One might think it reasonable that in a country where freedom is a precious and limited commodity people would be a bit harsh and severe. In our experience, though, nothing could be further from the truth.
From the outside it might appear that way, I suppose. Â Commuters grinding their way through thick smog on e-bikes and scooters certainly do have a look of grim determination on their faces, but I really don’t think that’s any different than North Americans fighting their way through morning traffic or through the Tim Horton’s drive-thru. Any time we had the opportunity to interact with people directly, we found them friendly, helpful, even warm.
Virtually all our guides were funny, endearing and extremely helpful. Some might argue that they were getting paid to treat us well, but I assure you they went far beyond what their meagre salaries might warrant and far beyond what we had come to expect from guides elsewhere in our travels. And we have nothing but gratitude to the many nameless, smiling faces who served us in restaurants, sold us goods in markets, andÂ offeredÂ to help help us when we stood bewildered on street corners.
Restaurant wait staff in particular, who all seemed to be 14 or 15 years old, showed amazing patience, humour, and grace while communicating in sign language with two dim westerners who hadn’t bothered to learn any Mandarin beyond “Xie xie” (thank you). I can only imagine how little these young folks (mostly girls) get paid, yet they applied themselves to their work with enough bubbly enthusiasm to make one think they were attending a birthday party.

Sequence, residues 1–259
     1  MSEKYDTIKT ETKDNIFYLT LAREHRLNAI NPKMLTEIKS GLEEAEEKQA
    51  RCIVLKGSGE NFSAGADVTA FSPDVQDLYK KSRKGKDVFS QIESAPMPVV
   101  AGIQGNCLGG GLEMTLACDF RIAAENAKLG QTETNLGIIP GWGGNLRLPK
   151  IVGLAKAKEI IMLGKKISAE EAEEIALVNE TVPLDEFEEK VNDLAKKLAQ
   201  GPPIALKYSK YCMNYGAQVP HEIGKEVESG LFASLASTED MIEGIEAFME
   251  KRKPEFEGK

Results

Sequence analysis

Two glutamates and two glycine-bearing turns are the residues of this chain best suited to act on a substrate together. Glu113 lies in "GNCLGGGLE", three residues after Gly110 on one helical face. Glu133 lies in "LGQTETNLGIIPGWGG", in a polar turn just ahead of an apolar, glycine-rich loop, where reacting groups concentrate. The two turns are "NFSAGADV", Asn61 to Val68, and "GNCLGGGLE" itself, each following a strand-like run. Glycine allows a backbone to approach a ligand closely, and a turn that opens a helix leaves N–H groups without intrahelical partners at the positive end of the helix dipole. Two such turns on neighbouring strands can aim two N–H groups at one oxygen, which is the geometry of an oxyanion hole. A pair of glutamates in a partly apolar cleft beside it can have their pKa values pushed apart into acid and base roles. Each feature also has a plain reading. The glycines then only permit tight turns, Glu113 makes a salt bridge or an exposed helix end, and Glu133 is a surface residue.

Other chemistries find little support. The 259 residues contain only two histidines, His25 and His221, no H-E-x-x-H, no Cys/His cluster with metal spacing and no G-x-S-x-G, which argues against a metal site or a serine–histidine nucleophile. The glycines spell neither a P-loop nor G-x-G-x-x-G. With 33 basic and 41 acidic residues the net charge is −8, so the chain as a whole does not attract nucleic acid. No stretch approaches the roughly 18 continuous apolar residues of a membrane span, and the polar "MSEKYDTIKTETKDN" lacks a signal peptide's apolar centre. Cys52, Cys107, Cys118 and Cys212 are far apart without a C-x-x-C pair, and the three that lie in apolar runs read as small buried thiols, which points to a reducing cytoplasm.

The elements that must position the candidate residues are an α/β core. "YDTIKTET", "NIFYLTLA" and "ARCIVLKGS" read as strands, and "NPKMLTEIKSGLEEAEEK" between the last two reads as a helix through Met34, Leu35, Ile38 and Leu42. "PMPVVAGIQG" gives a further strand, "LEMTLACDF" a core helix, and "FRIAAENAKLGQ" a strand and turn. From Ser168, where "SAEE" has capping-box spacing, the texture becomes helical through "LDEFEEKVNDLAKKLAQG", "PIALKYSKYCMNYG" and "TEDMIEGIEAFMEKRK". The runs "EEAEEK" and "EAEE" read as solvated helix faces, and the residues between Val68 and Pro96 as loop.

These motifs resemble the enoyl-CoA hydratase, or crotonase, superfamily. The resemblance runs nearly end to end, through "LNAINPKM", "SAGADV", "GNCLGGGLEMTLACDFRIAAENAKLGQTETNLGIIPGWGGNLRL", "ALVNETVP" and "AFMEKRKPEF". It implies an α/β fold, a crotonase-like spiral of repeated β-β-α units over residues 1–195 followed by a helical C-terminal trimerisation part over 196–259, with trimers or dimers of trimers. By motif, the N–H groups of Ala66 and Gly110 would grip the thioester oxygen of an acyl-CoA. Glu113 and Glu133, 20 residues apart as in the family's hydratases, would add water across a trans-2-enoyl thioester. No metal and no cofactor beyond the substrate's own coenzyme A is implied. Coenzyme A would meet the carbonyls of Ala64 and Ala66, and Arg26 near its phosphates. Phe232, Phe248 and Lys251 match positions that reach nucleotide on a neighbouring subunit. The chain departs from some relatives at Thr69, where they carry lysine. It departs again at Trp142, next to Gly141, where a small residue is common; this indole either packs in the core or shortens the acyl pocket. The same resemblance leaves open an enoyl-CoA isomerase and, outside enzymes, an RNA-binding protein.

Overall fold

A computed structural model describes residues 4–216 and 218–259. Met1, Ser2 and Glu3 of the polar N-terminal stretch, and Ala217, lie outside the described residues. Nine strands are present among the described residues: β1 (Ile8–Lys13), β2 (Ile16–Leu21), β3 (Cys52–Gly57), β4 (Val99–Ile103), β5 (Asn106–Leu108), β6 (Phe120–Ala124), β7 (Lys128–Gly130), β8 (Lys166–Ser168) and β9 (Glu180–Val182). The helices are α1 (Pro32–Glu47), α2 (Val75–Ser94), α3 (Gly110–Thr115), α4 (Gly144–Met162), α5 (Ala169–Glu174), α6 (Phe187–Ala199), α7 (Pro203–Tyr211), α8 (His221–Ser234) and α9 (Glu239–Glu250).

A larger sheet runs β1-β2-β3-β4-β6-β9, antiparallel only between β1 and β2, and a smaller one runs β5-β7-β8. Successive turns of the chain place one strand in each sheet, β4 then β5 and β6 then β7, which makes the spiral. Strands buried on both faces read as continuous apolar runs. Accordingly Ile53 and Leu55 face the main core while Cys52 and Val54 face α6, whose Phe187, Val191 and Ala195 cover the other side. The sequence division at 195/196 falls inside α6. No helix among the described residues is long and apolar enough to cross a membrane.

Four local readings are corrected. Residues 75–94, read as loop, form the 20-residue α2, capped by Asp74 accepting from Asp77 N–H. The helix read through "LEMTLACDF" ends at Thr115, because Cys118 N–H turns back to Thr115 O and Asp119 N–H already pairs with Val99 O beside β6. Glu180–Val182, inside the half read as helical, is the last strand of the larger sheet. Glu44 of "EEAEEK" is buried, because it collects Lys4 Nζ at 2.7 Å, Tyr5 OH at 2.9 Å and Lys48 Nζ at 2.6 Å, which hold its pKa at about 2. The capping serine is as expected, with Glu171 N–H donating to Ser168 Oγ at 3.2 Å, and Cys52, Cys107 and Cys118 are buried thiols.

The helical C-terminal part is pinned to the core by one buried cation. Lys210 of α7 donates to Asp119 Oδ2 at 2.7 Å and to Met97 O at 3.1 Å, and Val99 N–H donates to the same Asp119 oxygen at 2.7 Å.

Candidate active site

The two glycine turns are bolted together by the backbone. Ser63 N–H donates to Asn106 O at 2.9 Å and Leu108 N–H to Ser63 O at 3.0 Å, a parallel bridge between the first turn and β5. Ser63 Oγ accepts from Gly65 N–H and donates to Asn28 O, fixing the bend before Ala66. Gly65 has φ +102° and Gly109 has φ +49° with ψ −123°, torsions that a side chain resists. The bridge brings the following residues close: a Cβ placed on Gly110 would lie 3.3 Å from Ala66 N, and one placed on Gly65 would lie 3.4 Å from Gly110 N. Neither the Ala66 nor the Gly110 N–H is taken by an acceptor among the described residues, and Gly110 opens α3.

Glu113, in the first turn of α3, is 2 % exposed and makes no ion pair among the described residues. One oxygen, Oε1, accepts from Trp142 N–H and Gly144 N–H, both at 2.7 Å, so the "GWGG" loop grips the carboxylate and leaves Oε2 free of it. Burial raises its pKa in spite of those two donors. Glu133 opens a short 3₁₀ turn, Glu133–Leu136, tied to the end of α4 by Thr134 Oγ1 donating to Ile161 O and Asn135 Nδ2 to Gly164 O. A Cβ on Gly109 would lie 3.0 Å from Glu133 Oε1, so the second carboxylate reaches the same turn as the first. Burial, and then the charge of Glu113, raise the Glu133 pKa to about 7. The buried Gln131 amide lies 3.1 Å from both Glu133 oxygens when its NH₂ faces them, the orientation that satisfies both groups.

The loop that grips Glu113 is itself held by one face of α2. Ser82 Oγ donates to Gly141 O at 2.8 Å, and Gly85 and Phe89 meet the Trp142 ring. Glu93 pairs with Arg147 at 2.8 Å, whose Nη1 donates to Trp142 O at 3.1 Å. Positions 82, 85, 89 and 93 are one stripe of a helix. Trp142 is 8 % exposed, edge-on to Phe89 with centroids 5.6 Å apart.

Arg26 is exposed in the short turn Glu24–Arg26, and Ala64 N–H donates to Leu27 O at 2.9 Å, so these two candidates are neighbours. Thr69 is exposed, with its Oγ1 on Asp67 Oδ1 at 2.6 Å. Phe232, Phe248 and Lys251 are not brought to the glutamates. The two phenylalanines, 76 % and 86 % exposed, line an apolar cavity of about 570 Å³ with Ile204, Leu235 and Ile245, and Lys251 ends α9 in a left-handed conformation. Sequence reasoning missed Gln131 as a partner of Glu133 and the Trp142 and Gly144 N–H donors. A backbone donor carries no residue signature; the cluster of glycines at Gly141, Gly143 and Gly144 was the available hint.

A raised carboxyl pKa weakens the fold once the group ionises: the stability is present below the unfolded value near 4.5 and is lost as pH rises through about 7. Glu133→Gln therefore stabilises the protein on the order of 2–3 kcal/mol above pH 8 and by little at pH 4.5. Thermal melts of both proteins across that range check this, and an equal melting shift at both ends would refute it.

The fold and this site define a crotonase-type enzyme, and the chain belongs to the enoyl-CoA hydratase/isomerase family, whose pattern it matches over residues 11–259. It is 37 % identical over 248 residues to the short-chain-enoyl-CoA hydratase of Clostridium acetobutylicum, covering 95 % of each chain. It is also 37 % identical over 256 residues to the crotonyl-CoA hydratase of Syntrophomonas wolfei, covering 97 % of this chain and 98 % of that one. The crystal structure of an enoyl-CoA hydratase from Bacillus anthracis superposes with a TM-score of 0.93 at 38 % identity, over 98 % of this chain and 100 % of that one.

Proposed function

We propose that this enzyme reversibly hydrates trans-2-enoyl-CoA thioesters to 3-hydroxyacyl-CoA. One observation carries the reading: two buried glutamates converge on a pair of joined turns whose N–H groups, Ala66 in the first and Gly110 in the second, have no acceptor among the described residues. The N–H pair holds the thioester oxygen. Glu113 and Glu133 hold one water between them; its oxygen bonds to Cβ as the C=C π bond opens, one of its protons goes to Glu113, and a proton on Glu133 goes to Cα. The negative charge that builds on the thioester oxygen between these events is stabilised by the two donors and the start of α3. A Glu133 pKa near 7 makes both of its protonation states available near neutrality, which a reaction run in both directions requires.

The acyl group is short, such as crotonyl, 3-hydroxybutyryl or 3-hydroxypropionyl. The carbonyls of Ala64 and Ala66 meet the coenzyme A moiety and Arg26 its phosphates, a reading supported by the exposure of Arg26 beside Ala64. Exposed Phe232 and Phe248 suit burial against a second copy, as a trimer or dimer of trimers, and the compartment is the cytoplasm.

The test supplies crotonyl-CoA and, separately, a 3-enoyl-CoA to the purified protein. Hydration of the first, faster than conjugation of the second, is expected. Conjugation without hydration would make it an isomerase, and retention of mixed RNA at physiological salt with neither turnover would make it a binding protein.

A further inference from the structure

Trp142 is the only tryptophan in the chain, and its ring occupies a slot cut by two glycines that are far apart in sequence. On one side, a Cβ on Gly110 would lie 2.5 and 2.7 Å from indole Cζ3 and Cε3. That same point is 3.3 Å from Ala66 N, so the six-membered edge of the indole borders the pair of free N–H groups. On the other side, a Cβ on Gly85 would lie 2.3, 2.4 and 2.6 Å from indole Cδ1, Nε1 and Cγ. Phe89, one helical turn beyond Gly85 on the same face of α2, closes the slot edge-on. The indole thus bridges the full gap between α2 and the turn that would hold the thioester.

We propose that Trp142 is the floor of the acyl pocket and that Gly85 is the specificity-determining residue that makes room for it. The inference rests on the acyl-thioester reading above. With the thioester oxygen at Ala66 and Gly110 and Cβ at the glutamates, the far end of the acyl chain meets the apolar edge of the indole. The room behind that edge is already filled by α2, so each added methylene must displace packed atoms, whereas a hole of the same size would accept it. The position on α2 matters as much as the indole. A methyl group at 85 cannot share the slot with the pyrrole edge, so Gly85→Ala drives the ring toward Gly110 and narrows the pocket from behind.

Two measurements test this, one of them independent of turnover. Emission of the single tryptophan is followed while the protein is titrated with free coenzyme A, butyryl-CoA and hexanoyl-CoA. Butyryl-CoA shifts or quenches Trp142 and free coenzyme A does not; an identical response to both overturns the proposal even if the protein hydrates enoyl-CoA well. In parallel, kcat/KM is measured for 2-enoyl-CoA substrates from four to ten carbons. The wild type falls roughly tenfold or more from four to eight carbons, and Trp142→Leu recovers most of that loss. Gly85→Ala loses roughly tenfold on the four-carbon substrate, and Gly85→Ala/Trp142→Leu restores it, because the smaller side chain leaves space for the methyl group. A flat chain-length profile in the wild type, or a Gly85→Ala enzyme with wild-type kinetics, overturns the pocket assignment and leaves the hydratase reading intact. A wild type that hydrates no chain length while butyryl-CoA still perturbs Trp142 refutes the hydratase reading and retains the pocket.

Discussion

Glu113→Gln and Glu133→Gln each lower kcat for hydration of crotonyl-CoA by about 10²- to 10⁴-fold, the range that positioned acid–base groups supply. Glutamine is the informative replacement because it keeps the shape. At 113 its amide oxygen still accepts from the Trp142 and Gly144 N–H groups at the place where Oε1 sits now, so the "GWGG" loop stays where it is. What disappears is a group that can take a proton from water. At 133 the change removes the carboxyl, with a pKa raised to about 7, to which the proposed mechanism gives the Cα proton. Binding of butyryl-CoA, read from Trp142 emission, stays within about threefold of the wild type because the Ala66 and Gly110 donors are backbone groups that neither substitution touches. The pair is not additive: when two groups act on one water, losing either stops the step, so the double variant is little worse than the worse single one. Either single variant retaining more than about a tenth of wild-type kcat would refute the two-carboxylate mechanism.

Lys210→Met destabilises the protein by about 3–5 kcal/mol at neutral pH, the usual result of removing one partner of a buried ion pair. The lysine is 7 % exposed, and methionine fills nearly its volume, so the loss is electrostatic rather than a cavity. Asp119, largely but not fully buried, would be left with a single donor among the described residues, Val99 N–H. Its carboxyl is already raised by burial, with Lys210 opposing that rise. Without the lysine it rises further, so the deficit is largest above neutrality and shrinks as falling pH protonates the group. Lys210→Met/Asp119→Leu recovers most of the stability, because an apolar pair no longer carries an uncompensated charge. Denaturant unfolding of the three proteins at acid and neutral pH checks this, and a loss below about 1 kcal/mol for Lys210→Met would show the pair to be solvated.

Perhaps the most surprising was how helpful people on the street could be. When we were in Shanghai, we were approached by a group of three young girls (university students) from Xi’an who asked us if we needed any help and proceeded to talk with us for five to ten minutes. Certainly one of their goals was to practice their English skills on a couple westerners, but they were also genuinely interested in what we were doing and totally engaging. In the end, they told us what they were going to do next and asked us if we wanted to join them. But here’s the kicker: this didn’t happen just once; it happened twice. A few days later a similar group of three university students, this time from Beijing, saw us standing on a street corner looking at a Shanghai map and stopped to ask if we needed help. Again, they talked to us for ten minutes or so. And again, they told us they were going to see a tea ceremony and repeatedly invited us to join them.
I would love to think that somewhere in Canada there is a group of twenty-something girls who would stop on a street corner to offer help to a bewildered, middle-aged Asian couple, address them in their own language, and then invite the couple to join them in what they were doing. Maybe one such a group exists. But I doubt very much that there are two.